I need to reiterate my concern for Daniella’s death being co-opted by cure rhetoric. Daniella, type-1 diabetic, died in her sleep in November 2011 from low blood sugar. From what I can tell, Daniella was a white, blond-haired seventeen-year-old born and raised in Australia. I never met Daniella in real-life, only posthumously in cyber-life. To rehearse from my previous post, many blogs and JDRF advocates clung to her story and death with rhetoric that emphasizes the dire need for a “cure.” I am also an advocate for the cure. But I am also very critical of it when socioeconomic intersections and historical contexts are taken for granted in such rhetoric. Let’s consider “the cure” as an object, like something we could grab onto and hold and make all that is supposedly ill, sick, diseased, damaged and deformed about our bodies simply go away so we could ‘go back to normal’.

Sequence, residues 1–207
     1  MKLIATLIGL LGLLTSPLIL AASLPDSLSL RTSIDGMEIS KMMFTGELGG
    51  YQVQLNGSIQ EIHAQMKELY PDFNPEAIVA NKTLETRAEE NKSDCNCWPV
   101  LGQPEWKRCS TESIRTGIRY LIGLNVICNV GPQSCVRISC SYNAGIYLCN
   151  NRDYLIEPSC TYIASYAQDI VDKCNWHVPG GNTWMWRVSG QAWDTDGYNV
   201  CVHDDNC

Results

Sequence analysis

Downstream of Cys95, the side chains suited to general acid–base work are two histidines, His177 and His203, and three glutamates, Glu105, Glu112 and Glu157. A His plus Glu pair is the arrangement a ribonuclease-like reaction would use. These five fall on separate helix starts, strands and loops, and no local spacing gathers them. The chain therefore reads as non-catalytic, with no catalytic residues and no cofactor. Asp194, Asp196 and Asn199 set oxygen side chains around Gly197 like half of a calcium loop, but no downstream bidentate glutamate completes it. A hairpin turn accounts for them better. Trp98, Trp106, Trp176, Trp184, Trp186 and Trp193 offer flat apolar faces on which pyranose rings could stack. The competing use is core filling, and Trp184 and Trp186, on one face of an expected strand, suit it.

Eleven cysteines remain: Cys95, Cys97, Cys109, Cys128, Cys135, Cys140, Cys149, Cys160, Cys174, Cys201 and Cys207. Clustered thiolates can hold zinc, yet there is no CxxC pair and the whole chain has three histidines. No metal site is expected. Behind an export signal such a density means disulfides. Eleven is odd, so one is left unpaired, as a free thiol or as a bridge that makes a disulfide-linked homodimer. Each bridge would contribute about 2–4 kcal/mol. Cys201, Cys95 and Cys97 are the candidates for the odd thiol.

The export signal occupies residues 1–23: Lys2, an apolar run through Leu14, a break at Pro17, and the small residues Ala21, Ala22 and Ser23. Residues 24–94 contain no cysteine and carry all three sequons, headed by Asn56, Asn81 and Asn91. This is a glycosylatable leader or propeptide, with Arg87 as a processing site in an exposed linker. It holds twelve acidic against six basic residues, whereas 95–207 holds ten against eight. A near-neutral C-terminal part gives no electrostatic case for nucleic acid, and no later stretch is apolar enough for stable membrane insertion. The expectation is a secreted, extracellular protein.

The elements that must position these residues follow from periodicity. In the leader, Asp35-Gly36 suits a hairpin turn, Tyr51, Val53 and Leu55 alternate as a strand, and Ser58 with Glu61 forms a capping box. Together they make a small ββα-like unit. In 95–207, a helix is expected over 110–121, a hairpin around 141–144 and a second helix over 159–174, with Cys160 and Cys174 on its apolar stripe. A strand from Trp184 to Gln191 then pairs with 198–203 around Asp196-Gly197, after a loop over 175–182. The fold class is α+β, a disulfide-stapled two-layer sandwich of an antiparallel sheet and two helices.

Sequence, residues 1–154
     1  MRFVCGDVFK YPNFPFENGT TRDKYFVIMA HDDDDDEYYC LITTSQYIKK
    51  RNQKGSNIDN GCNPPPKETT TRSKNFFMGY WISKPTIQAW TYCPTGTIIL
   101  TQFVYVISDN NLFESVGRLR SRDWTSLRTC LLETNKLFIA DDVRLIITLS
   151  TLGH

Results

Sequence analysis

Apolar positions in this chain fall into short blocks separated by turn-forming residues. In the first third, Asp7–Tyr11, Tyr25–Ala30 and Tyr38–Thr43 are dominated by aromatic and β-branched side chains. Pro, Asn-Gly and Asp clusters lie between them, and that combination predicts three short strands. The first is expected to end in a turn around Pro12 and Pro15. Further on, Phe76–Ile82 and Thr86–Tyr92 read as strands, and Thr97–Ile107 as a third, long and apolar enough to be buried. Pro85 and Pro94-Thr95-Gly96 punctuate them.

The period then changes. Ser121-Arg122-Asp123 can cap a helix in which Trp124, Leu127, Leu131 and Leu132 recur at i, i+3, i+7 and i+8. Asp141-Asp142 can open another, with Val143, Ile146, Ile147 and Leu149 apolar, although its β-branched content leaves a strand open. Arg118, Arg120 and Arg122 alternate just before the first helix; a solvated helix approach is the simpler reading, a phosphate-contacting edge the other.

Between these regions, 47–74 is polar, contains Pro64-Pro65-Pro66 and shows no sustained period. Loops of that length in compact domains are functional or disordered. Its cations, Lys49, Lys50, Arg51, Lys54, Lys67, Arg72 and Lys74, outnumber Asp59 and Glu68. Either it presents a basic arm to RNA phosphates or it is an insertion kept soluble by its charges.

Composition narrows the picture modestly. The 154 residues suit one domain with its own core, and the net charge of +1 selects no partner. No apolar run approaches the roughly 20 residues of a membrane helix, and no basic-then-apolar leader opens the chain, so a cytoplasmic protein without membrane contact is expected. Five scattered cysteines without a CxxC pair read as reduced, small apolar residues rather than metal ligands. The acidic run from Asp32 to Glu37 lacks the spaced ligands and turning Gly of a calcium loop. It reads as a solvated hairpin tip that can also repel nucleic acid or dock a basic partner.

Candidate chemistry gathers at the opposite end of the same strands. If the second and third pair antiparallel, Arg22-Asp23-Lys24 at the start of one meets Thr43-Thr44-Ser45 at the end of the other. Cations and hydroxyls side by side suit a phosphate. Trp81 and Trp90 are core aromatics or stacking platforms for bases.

I want to think about this: what is the cure doing in its co-optation of death by diabetes in order to advocate for its own cause of longevity, strength, and so-called health? Perhaps this is where we can see more clearly the ways in which the cure functions to cover over the “able-bodied” order as is, thus reproducing the narrative of Daniella-as-victim in need of saving by mainstream medicine and science (see previous post on passive victimhood). This is a narrative script: cure rhetoric reproduces the notion of disability as individual tragedy to be overcome–thus justifying medical authority and its pervasive surveillance of our pathologizable bodies. This narrative strips Daniella’s crip existence of agency, value, and respect. This narrative perpetuates the lottery approach to life and the idea that the chance or hap of disability can be controlled if only we had more money for the cure. By covering over the “able-bodied” order, the cure as a veil might depend on the failure to recognize the failure of coincidence, or rather, the failure to recognize the chance of disability: maybe some things just can’t be controlled (like “coincidence,” like unexpected encounters)—disease happens, illness happens, pain happens, accidents happen, and death is inevitable. Yet cure rhetoric disavows this reality. The cure promises containment of disability. In the circulation of the cure’s promise, disability is implicitly rendered as individual tragedy rather than seen complexly as systematic inaccessibility and a complicated, intricate bodily experience that has a place in this world. The cure ultimately hopes to rid the world of pathologized disability where it justly has a place. Disability belongs like all other life forms.